Tracking Device

AAPS used the new eventBit platform to gather real-time data about attendee behavior at a national conference.

How much time do attendees spend in sessions and on the show floor at your meeting? It’s a question that many organizers can answer only anecdotally or through labor-intensive efforts.

The American Association of Pharmaceutical Scientists (AAPS), for example, used to do “a one-time visual headcount during a session” at its conferences, said Grace Jones, AAPS’s director of meetings. “But our sessions are pretty fluid, and to get something that would give us that information without involving more staff time would be a great savings for us.”

So Jones jumped at the chance to beta-test Experient’s new eventBit — a platform that tracks attendee behavior in real time — at AAPS’s 2016 National Biotechnology Conference (NBC) in Boston this past May. Experient already handled registration and lead retrieval for AAPS, so adding eventBit to the mix at the 1,200-attendee NBC 2016 seemed natural. The platform uses a small, battery-powered transmitter — affixed to the back of a name badge — to broadcast information about an attendee’s movements to Experient’s lead-retrieval devices, which are distributed throughout the venue. Clients such as Jones can look at that information in real time on their laptop, tablet, or phone.

“It was the first show where we used it to track the activities in sessions or common areas or the show floor,” said Mike Godsey, senior vice president of market development for Experient. “We met with Grace every night [during NBC]. It was great for us, because she was looking at the data live, going, ‘Oh, look at this!’ They could see traffic, up and down, and started to attribute it to certain speakers that were in the room being able to deliver better content.”

But the data went beyond how many people were in what room, also showing who they were and how much time they spent in a given location. “We were able to see, for a particular session, the demographics of the audience — what scientific area they worked in,” Jones said. “In the exhibit area, [eventBit] can define the people who are just walking by a booth versus the people who are actually engaged with an exhibitor.”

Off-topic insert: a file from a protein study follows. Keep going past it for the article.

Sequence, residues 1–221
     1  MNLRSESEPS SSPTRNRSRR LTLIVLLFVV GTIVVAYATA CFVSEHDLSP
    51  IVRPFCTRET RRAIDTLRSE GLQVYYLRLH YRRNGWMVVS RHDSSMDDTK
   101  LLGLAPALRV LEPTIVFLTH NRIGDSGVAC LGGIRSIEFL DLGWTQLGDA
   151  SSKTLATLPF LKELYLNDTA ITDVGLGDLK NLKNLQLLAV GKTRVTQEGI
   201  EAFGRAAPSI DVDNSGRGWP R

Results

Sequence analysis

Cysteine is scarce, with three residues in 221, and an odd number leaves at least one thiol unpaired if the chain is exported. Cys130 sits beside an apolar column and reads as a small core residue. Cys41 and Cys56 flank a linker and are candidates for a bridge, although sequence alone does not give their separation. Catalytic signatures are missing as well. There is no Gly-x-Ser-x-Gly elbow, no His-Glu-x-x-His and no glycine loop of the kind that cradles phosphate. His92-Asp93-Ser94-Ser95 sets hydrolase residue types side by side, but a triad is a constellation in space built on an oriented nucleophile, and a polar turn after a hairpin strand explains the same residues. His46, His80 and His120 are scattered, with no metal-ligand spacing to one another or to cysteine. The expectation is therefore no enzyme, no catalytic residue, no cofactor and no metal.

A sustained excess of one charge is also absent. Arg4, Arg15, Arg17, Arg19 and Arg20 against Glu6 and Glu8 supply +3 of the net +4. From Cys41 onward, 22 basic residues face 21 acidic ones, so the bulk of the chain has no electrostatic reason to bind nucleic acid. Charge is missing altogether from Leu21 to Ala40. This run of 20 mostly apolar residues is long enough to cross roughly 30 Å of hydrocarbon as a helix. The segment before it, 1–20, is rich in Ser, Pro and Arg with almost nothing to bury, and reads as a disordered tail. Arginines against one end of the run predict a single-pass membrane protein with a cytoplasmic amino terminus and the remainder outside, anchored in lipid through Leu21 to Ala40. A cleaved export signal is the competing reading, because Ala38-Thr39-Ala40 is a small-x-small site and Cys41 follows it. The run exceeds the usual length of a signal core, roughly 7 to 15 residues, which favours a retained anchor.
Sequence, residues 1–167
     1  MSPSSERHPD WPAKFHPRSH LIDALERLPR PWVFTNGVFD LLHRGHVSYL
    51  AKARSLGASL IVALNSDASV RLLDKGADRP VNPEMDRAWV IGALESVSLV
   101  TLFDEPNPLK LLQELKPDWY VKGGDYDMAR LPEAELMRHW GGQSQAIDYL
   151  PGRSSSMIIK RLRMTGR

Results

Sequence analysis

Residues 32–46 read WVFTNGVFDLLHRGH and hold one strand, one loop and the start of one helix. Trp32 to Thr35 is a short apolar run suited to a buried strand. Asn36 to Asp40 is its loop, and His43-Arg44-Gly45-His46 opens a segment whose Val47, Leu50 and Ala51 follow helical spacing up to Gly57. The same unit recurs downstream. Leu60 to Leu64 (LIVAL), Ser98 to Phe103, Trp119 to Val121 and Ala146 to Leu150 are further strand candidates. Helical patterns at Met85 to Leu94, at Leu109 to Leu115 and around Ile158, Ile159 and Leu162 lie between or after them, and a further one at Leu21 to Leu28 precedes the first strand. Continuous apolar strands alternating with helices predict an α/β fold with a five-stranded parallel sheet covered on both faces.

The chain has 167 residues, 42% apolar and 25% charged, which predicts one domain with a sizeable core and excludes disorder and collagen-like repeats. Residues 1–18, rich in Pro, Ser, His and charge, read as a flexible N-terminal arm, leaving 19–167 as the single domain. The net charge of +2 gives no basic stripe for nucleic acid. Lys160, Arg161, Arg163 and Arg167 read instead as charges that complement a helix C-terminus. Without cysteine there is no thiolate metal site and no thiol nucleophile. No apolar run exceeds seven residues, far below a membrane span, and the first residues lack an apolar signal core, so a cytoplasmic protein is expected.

The eventBit platform works across laptops, tablets, and phones.
The eventBit platform works across laptops, tablets, and phones.

It was a lot to take in — and a lot of useful data for AAPS to apply to future programs, including its 2016 Annual Meeting and Exposition, taking place in Denver this November, where eventBit will again be deployed. “We’ll be able to report back to our program committees: ‘This particular session was huge,’” Jones said. “We can report it to our social-media folks. It will also help our business development. [And in our reports] back to the exhibitors: ‘Okay, we’re seeing this amount of traffic in your area.’ ‘These people paused at your booth.’ We can use that data in different ways.”

After the Facts

A data-collection platform like eventBit can be a double-edged sword: It sucks up an enormous amount of data for clients — so much that it can be overwhelming. “I think that we’re probably leaving a lot of opportunity behind us or off the table if we don’t start to offer to take a look at all of that and start to make suggestions on behalf of the customer,” said Experient’s Mike Godsey, “and kind of be data experts.

“The concept when we built [eventBit] was really about making it so easy that the show organizer could look at it live in real time or after the event, to make real-time or post-event decisions about most anything,” Godsey said. “But we’re also thinking that we might want to have a data specialist or two that can meet and talk to every customer after the event — to talk about what some of the findings are and start to learn from each other, because if they don’t do something with the data, it’s kind of useless.”

Christopher Durso

Christopher Durso is executive editor of Convene.